But what, precisely, would be the problems these eminent critics discover in the Kalkhoran/Glantz paper? To respond to some of that question, it’s essential to go under the sensational 28%, and examine what was studied and just how.
Meta-analysis is actually a seductive idea. If (say) you might have 100 separate studies, every one of 1000 individuals, why not combine those to create – in effect – just one study of 100,000 people, the outcomes that should be significantly less prone to any distortions that might have crept into an individual investigation?
(This might happen, for instance, by inadvertently selecting participants using a greater or lesser propensity to quit smoking because of some factor not considered through the researchers – a case of “selection bias”.)
Obviously, the statistical side of the meta-analysis is pretty more sophisticated than merely averaging out your totals, but that’s the typical concept. And also from that simplistic outline, it’s immediately apparent where problems can arise.
If its results are to be meaningful, the meta-analysis needs to somehow take account of variations in the design of the person studies (they could define “smoking cessation” differently, as an example). If this ignores those variations, and tries to shoehorn all results into a model that many of them don’t fit, it’s introducing their own distortions.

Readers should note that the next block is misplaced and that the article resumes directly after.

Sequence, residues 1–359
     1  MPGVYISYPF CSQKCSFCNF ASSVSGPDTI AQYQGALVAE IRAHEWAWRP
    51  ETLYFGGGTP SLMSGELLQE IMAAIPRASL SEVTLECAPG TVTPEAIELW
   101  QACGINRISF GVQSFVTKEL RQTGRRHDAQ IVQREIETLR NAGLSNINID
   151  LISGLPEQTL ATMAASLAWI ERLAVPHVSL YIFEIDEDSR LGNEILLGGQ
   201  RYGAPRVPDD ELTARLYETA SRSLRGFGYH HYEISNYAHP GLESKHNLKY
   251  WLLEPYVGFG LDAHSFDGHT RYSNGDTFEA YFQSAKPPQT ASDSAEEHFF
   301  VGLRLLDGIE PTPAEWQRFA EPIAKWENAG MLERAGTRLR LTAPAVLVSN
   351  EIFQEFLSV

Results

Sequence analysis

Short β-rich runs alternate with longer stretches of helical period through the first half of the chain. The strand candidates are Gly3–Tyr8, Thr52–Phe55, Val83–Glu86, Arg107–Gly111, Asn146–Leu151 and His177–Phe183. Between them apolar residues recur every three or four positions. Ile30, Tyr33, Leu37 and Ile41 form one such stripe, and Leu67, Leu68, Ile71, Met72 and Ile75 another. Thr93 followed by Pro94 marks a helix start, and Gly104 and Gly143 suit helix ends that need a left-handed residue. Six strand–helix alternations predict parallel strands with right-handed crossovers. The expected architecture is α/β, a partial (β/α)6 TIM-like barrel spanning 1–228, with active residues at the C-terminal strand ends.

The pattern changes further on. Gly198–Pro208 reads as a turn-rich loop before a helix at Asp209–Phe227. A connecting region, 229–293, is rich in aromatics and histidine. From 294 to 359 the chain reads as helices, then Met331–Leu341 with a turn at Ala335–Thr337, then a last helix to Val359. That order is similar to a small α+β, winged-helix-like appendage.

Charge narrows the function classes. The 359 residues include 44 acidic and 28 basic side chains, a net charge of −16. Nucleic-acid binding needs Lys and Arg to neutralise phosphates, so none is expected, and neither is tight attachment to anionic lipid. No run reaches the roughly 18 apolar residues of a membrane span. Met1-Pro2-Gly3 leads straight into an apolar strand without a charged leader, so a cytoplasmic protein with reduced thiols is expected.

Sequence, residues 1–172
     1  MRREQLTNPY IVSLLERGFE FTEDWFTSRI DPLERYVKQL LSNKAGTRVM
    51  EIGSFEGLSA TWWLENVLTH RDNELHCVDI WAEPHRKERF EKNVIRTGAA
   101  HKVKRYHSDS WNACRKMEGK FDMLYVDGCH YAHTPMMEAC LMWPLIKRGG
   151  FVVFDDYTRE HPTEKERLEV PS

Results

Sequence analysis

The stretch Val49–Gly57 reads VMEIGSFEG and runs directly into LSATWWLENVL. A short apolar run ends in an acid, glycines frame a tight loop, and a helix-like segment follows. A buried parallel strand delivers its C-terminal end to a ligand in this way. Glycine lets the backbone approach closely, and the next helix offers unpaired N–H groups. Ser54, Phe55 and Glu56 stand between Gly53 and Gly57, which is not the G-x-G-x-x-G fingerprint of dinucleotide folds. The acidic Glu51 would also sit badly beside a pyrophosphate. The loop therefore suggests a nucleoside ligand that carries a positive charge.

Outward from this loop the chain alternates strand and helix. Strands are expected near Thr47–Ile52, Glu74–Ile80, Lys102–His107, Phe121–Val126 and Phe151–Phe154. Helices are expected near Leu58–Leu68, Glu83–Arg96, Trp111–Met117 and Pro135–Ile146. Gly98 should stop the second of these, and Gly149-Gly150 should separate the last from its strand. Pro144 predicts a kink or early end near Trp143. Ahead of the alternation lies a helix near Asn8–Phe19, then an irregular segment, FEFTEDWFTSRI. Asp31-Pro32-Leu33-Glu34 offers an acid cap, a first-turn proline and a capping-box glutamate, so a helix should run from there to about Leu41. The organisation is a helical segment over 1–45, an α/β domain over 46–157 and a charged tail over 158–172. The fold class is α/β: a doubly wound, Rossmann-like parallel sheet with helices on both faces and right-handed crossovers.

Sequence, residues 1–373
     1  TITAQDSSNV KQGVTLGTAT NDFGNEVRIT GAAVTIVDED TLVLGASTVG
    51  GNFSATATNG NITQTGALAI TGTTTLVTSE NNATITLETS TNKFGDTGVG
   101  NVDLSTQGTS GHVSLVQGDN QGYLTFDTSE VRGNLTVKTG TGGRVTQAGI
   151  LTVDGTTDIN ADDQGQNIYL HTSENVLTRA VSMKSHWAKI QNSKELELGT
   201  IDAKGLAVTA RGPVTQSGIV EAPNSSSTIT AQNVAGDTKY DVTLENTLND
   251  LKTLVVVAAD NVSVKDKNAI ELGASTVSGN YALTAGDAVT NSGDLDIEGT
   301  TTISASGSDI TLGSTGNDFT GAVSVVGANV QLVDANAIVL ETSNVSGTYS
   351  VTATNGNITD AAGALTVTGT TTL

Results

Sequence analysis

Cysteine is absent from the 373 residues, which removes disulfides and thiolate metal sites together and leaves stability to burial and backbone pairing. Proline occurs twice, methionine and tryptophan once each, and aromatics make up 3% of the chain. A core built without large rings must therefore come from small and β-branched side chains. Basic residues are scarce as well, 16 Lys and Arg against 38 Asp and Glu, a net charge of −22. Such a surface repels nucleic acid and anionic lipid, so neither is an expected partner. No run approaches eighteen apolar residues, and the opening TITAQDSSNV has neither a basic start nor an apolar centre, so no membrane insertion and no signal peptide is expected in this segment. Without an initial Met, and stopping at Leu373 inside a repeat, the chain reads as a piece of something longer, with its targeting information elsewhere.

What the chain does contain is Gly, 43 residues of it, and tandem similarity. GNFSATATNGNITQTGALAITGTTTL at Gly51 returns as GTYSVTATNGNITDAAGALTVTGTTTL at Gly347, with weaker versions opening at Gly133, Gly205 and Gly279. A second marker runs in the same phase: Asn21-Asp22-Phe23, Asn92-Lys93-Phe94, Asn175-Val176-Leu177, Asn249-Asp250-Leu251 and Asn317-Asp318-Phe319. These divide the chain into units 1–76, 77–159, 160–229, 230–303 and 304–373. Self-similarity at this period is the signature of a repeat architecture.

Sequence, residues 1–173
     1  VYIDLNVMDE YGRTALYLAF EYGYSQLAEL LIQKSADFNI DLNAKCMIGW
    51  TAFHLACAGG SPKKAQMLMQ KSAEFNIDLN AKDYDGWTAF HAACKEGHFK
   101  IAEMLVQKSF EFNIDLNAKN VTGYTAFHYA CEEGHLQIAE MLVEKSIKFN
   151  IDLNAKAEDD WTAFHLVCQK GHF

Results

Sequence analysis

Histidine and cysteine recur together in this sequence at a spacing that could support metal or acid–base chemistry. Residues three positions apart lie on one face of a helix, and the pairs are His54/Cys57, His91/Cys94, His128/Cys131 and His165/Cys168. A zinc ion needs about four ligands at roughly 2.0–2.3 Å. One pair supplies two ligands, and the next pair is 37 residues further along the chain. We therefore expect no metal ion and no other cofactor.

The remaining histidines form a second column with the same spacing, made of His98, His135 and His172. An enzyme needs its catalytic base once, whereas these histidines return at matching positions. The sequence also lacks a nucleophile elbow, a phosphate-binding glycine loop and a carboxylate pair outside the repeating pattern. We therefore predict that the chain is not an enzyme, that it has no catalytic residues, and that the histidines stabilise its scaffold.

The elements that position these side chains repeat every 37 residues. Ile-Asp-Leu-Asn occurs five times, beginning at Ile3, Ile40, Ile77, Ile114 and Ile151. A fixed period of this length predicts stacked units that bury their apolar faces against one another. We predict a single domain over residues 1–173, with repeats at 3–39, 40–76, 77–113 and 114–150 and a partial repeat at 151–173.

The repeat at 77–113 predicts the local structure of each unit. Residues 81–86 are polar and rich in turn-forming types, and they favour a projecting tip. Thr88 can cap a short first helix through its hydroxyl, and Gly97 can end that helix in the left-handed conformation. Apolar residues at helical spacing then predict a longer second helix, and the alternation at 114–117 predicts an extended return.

Moreover, if the studies it’s based on are inherently flawed in any way, the meta-analysis – however painstakingly conducted – will inherit those same flaws.
This is a charge produced by the reality Initiative, a U.S. anti-smoking nonprofit which normally takes an unwelcoming look at e-cigarettes, regarding a previous Glantz meta-analysis which will come to similar conclusions for the Kalkhoran/Glantz study.
In a submission this past year towards the United states Food and Drug Administration (FDA), answering that federal agency’s demand comments on its proposed e-cigarette regulation, the reality Initiative noted that it had reviewed many studies of e-cigs’ role in cessation and concluded they were “marred by poor measurement of exposures and unmeasured confounders”. Yet, it said, “many of these have already been included in a meta-analysis [Glantz’s] that states show that smokers who use e-cigarettes are not as likely to stop smoking in comparison to those that tend not to. This meta- analysis simply lumps together the errors of inference from all of these correlations.”
Additionally, it added that “quantitatively synthesizing heterogeneous studies is scientifically inappropriate and the findings of the meta-analyses are therefore invalid”. Put bluntly, don’t mix apples with oranges and anticipate to get an apple pie.